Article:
Friday, January 7, 2011


Whenever you read about someone getting a contract for their first or second book, they don't tell you how long they've been trying.
I read a bio the other day about an author. She began writing when she was nine or ten. Got serious about writing and jotted down notes about a novel. She began the endeavor in 1990. Recently divorced and living on our version of welfare for almost a year, she and her daughter visited a nearby cafe to keep warm. She wrote most of her first novel there in that little cafe. After many rejections, her first book was finally picked up and published. Seven years after she began.
What does she have that separates her from some of us? Persistence. 
I'm sure if any of us could speak to her and ask her if she ever thought about giving up she would probably admit that she did become depressed and at times very discouraged.
It's a good thing J.K. Rowling didn't give up. Success was just around the corner for her. Just mention Harry Potter to anyone and see their reaction.
When I pull another rejection from the mail box I remind myself to just hang it on the nail with the rest of them, and get back to work.
How do you bounce back from rejection? Let me know. I'd love to hear your secret.


Carol J. Garvin said...

I haven't queried very often and each response was accompanied by an encouraging personal message, so I haven't felt so "rejected". I also try to remember that these responses aren't personal rejections, just the agent's opinion of his or her ability to sell the piece. Everyone's entitled to an opinion, right? I'll just move on until I find one whose opinion is similar to mine. ;)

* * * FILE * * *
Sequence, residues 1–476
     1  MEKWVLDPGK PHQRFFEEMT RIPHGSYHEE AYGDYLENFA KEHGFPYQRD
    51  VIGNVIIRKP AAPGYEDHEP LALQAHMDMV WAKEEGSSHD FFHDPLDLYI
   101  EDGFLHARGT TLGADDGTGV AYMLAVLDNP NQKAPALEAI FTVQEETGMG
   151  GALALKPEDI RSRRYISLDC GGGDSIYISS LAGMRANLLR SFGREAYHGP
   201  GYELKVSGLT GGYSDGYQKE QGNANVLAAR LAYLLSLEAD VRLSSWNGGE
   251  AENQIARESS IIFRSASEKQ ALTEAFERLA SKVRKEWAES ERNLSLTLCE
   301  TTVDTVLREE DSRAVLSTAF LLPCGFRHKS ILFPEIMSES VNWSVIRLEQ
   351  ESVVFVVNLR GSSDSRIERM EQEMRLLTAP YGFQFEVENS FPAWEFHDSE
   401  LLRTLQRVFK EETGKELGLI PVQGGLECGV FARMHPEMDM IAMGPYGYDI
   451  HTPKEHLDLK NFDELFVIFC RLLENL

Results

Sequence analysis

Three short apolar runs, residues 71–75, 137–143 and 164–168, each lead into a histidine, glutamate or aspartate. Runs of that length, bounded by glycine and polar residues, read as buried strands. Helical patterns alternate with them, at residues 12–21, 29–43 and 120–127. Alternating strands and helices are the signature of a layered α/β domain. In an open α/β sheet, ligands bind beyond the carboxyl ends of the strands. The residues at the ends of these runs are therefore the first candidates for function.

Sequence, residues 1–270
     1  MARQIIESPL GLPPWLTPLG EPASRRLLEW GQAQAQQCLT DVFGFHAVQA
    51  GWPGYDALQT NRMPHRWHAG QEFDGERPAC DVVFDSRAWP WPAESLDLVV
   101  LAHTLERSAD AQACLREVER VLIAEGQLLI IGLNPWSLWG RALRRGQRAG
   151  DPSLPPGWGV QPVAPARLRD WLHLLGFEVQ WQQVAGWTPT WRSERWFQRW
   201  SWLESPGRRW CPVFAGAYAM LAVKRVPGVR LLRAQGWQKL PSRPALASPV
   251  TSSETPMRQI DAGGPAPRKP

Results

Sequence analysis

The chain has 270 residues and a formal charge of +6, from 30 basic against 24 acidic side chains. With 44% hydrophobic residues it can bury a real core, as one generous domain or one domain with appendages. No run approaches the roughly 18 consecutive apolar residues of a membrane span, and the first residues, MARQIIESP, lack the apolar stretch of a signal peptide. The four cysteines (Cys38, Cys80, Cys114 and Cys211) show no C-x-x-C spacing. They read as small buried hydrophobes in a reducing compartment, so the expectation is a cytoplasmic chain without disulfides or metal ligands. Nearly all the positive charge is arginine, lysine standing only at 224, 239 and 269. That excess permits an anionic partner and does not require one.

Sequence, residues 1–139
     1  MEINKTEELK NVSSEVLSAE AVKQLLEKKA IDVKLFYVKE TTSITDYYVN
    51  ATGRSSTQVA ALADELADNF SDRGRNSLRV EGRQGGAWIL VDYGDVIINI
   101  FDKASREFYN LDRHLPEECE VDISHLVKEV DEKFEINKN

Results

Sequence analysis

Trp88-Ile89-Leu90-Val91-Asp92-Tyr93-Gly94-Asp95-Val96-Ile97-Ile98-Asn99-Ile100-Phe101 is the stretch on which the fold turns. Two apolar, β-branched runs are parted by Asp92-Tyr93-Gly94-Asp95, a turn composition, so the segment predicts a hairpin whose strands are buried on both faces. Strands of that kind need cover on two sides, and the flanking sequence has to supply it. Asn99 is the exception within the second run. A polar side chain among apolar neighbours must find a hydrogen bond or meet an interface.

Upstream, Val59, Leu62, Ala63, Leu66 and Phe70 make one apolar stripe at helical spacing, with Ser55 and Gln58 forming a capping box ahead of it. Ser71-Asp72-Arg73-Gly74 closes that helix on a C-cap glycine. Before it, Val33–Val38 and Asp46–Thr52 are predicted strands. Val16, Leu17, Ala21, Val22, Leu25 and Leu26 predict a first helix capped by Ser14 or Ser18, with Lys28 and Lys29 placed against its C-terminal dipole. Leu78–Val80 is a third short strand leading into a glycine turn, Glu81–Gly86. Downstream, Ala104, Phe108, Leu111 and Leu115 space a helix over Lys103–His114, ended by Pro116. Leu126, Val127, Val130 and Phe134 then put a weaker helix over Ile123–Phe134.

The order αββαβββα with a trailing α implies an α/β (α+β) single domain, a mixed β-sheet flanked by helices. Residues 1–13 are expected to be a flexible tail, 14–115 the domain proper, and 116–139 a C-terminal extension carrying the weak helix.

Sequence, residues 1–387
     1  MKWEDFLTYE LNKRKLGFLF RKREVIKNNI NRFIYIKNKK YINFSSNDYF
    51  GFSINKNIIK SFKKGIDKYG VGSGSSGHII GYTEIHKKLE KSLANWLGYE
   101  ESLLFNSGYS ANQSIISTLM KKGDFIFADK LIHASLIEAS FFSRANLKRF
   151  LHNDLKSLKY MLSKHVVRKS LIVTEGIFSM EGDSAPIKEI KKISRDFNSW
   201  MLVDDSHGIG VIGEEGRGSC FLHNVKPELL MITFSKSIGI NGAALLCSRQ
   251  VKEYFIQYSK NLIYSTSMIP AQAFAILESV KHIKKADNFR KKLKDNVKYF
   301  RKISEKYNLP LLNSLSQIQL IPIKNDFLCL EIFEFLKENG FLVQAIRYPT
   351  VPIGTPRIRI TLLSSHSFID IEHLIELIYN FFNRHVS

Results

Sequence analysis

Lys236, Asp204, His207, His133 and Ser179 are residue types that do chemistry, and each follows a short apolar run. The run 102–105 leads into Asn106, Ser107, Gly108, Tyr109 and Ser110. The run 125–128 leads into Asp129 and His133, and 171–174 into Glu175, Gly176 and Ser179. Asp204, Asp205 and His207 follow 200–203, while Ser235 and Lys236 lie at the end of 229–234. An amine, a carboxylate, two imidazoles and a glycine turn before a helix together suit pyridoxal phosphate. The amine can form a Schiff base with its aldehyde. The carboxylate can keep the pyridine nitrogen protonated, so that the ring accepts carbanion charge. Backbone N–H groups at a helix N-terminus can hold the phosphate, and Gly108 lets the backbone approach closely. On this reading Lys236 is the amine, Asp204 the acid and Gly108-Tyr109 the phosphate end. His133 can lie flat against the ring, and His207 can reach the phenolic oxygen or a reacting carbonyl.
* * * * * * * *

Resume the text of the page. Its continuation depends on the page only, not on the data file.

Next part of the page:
I was about to query my first choice agent when I learned she's closed to queries for several months. That's a bigger disappointment for me than any past rejections. It's hard to know if I'm meant to wait patiently for her, or move on to look elsewhere. ::sigh:: #amwaitingforanswers

Joylene Butler said...

I love that story about J.K. She recently told Oprah that the biggest change in her life is she's now able to holiday anywhere she wants without having to consider the cost. LOL.

I should admit that after about 50 rejections I gave up querying for many many years. Then I self-published, then my distributor told me to query Theytus, and they accepted. But today when I consider querying for my next book, I still get queasy. I don't relish rejection even though I'm a published author twice over. After all all this time I still hear this little voice inside my head when I receive or think of being rejected, "Who were you trying to kid? You can't write."

Isn't that silly?

Kathryn Neff Perry said...

Carol, I know what you mean about the disappointment. I researched, read a book, checked blogs to see if "she was the agent" for me. Got another book to work on my query letter, polished it, ready to send. Checked the agents guidelines, one more time, and found the same thing---not taking queries at this time---please try again next year! Okay, so I guess we try again, later????

Kathryn Neff Perry said...

When I read your comment (who were you trying to kid--you can't write)I laughed out loud! If my husband had a dollar for every time I've said that to him----we would be richer than J K Rowling! ha ha
I've read what you wrote and you are a fabulous writer! You tell that voice in your head to shut up!
ha ha

Susan J. Reinhardt said...

Hi Katt -

I've had my share of rejections, but those acceptances mute the pain. As a non-fiction and fiction writer, the encouragement helps fuel my longer projects.

Susan :)

Kathryn Neff Perry said...

Thanks for your comments Susan! I keep holding on :D
Hugs and Blessings